The San Francisco 49ers are once again NFC West Champs, earning a much-deserved spot in the approaching postseason. And they have the hats and shirts to prove it.
More importantly, they have a 10-2 record as the deciding evidence.
It’s been almost 10 years since the 49ers were in the playoffs. For fans and those within the organization, it has felt closer to 29,837,463 years.
Sunday’s victory has officially ended the dry spell and commenced the celebration.
Let's take a closer look at what stood out in the 49ers playoff-clinching win.
Alex Smith was lined up in the shotgun formation. He took the snap, faked the handoff to Hunter, then faked the option toss to Gore and took it himself for an eight-yard gain.
It was the old Smith—the one that put the University of Utah football program on the map with a 22-1 record and BCS-busting victory over Pittsburgh.
That play Sunday was so much more than just an eight-yard run. It was a statement: Smith and the 49ers are for real.
During the offseason, Smith was at a crossroads in his career. His contract was up and all signs pointed away from San Francisco. The easy decision was to leave and start somewhere new.
But easy didn’t appeal to Smith; he wanted to take the high road and prove his worth to the organization that selected him with the No. 1 overall pick.
Smith took the road less traveled and it has made all the difference.
The hiring of QB guru, Jim Harbaugh, also played a pivotal role in his decision.
William Shakespeare said it best when he described Harbaugh working with Smith as “star-crossed.” OK, maybe he was talking about another relationship, but this one has been just as fateful.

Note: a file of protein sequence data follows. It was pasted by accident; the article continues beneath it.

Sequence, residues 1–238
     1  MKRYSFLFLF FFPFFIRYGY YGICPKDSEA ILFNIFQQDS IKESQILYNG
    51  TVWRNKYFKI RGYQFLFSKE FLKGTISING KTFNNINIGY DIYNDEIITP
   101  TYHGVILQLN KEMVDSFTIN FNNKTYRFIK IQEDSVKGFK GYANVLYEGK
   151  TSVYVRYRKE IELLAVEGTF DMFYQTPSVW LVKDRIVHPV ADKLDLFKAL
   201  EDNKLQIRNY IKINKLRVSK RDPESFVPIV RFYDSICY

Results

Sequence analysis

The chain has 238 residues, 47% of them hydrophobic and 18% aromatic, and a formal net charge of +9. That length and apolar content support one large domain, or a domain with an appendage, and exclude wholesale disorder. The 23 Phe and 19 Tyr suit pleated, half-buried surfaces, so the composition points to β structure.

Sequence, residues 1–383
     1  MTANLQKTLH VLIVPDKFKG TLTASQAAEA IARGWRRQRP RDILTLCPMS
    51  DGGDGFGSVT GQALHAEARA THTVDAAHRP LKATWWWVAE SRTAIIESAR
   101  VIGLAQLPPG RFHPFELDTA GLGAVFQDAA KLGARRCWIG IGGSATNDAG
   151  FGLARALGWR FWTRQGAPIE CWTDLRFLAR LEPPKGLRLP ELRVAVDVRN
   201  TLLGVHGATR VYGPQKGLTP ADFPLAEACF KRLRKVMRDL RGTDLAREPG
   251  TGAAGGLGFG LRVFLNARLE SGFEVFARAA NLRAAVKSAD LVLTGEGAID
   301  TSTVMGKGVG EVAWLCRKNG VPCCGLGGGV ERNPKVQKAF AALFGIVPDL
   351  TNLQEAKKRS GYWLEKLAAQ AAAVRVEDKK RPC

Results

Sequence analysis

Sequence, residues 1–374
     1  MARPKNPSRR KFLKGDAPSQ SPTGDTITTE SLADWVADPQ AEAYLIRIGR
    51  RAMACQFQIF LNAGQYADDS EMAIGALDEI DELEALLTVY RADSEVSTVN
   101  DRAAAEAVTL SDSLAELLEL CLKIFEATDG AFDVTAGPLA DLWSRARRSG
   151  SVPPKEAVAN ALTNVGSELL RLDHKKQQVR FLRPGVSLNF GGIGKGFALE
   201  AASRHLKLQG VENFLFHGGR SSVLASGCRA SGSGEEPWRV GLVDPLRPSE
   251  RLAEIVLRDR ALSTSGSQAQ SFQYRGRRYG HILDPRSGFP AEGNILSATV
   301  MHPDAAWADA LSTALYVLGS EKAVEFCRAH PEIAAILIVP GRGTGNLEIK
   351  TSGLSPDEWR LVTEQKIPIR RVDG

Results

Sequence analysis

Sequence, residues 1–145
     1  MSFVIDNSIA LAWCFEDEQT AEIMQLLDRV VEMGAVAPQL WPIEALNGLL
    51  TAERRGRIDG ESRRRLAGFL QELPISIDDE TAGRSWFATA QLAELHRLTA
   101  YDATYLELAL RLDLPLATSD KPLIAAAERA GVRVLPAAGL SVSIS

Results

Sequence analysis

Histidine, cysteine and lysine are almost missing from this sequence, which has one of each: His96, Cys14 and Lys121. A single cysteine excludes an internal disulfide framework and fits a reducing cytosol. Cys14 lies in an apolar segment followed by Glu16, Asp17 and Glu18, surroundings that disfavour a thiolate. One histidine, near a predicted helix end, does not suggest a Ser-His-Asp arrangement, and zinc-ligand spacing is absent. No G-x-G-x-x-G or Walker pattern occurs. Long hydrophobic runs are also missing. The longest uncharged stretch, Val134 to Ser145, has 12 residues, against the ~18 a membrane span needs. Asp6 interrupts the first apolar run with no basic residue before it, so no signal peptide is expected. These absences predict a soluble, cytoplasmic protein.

Harbaugh has taken the title of coach and turned it into an active verb.
Since day one, he has been working closely with Smith. It’s been a hands-on approach and the results are palpable. Smith is poised in the pocket, confident and playing at a very high level.
Harbaugh is indeed the quarterback whisperer.
But don’t hesitate to give Smith credit; he is the one out there making the throws, including deep balls. Smith connected with Crabtree for a 52-yard gain and Williams for 56 yards—both touchdowns.
On perhaps his best throw of the night, intended target Vernon Davis was unable to haul in the perfectly placed long ball that would have, and should have, been another touchdown.
Just like the good ol’ days, Smith is having fun. He’s smiling more this year than he has his first six seasons as a pro.
He’s enjoying a career year and his team just won the NFC West.
Say it with me...
We’ve all heard about the San Francisco defense not giving up a rushing touchdown in 12 consecutive games. We’ve also read about running backs’ inability to reach 100 yards against this brick wall 49ers defense.
Both amazing streaks remain intact after Sunday’s game and, much like Twinkies, appear to have no expiration date.
Entering Sunday, the team carried another impressive streak; in seven previous games, they hadn't given up a first-half touchdown. Against St. Louis, they took it even further, shutting out the Rams the entire game.
Zero touchdowns. Zero field goals. According to my calculator, that equals zero points.
What's more, they did it without perhaps their best player on defense.
Star linebacker Patrick Willis went down in the first quarter with a hamstring injury. The entire Bay Area held its collective breath as the medical staff attended to him on the field.
Willis would not return to the game, but the injury does not appear too serious.